We’ve reviewed 4 of the 6 sinful habits so far: willful anger/contempt, spiritual adultery/divorce from God/obsessing over others, swearing/insistence, and score-keeping/payback. The corresponding new habits are: mercy (Step 1), keeping our eyes to ourselves (Step 2), letting Yes be yes and No be no (Step 3), and embracing a gracious, debt-free mentality (Step 4).

Like building a house, each step ties to the previous ones and presumes they’re in place. The Sermon isn’t random; it’s a brilliant, divinely planned strategy to make good will easier and smarter, not harder.

So the 5th destructive habit is worry over outer appearance, i.e., image and reputation, getting notice and applause, trying to impress. At this stage of spiritual re-formation, people who aren’t habitually angry, aren’t obsessed with everyone else’s faults, have no need to swear to manipulate opinions, and can spiritually afford debt-free thinking won’t find this too difficult. They’ve already substantially overcome the underlying evils that cause it. (more…)

The best revenge is to live well. Remember, yo...Let’s recap the divine strategy behind the first 3 steps: People who overcome willful anger and contempt (Step 1) are less focused on the wrong-being of neighbors. It’s therefore easier to stop lusting after them as objects, make them targets, or wish them ill will (Step 2).

This in turn makes it easier—almost natural—to stop swearing this or that to manipulate neighbors’ opinions and judgments. Yes can be yes, and No can be no without insisting that they see things your way (Step 3).

If you follow the Sermon on the Mount’s sequence, Jesus’ path to love and good will gets easier, not harder, because he builds success right into it. Would he promote something designed to make you to fail? I think if people knew this, they’d be greatly relieved and abandon the false notion that Christ-like love is super-difficult or not very smart. It just takes practice and planning.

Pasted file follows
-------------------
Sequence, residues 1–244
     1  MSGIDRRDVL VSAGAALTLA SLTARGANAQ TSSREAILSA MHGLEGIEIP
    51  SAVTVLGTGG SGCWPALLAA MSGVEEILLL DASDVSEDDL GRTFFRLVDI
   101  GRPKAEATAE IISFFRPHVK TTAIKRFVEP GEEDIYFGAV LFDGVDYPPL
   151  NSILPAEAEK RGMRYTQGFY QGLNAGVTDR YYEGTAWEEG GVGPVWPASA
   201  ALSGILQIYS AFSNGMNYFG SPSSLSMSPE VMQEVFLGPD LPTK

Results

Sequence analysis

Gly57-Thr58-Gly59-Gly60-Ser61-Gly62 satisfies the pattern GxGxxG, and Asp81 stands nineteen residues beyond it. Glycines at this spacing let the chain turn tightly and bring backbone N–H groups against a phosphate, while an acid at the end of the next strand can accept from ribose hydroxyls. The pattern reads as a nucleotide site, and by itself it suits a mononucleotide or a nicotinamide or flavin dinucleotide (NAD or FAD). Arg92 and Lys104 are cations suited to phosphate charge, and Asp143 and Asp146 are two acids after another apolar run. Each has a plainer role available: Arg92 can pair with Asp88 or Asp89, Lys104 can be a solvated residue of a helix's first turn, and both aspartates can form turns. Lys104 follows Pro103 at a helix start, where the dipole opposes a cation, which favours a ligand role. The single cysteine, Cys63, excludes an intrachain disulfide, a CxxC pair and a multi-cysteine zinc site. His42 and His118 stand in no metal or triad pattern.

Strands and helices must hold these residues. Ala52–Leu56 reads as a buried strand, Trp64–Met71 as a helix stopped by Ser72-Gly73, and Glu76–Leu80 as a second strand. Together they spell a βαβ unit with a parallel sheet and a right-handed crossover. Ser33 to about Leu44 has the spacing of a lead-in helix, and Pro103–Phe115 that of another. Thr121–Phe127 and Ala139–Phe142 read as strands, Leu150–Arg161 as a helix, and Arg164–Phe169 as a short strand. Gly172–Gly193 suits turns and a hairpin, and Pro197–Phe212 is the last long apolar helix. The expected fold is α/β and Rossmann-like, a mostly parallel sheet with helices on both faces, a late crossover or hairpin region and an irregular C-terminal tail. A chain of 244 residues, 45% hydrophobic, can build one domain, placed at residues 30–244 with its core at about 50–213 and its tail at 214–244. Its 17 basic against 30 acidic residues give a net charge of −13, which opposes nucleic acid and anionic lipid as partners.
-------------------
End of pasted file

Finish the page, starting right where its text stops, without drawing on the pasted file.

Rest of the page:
You don’t tackle everything all at once. Work on each step until you’re prepared for the next, like learning ABCs before writing words, then sentences, then paragraphs. The new you isn’t conjured out of nowhere, either by you or by God. The power comes from building up to a spirit capable of love. You get that by de-constructing 6 habits universal to all people.

These habits always seem right, so we embrace them like a “harlot.” However, once you divorce this divorce from God, and the Spirit’s strengthening action is added to the mix, you become a person substantially like Christ, mended and whole yet still uniquely you. In his preface to the Sermon, Jesus calls it getting beyond the righteousness of the scribes and Pharisees (Mat. 5:20).

“Death to self” is really nothing more than that. You kill off what’s killing you so that you gain self-control, and your soul flourishes. It’s unfortunate that “self” is a dirty word in today’s Christian culture, yet it’s where the focus must be in a relationship with God that empowers you to move in His direction. Otherwise, you can’t obey Jesus’ command to love your neighbors as yourself, and you remain lost, pulled in a hundred different directions. (more…)

The Island of God

The Island of God (Photo credit: Shaojin+AT)

We’ve looked at the first 2 of 6 universal habits that sabotage love and good will, as well as steps to minimize them as Jesus outlined in his Sermon on the Mount. We discovered that they’re sequential and cumulative, not stand-alones:

1.) Start by getting rid of willful anger and contempt. 2.) Then gouge out the obsession over others.

The Sermon’s sequence, and planning ahead (will/intent), are essential for success. “Why do you call me ‘Lord, Lord,’ but don’t do what I say?” (Luk. 6:46) For example, if I try to stop obsessing over others, but I’m still a “righteously” irritated person, my anger alert will trigger over every little offense.

I’m not following Jesus. I’m following a “harlot” that looks and sounds right, but sets me up to wish harm, not good. Instead of overcoming, I give up because biblical love is “unrealistic” and I’m just a no-good sinner.

Now if I give up pride and simply digest and do what Jesus says to do, I will have taken him into my whole being—heart, mind, body, and behavior—and my soul will flourish. Although there’s a learning curve, I’ll soon be prepared (“worthy”) to face challenges with a lighter spirit and a real sense of power and direction.

So, as we move to Step 3, keep these first two steps in view. Like building a house, Jesus is adding texture and detail to the frame. Biblically, houses or temples represent the self, or soul. Of course, there are literal houses, too, but your body “houses” your personhood. In fact, Jesus concludes his Great Sermon by comparing a wise and foolish builder. (more…)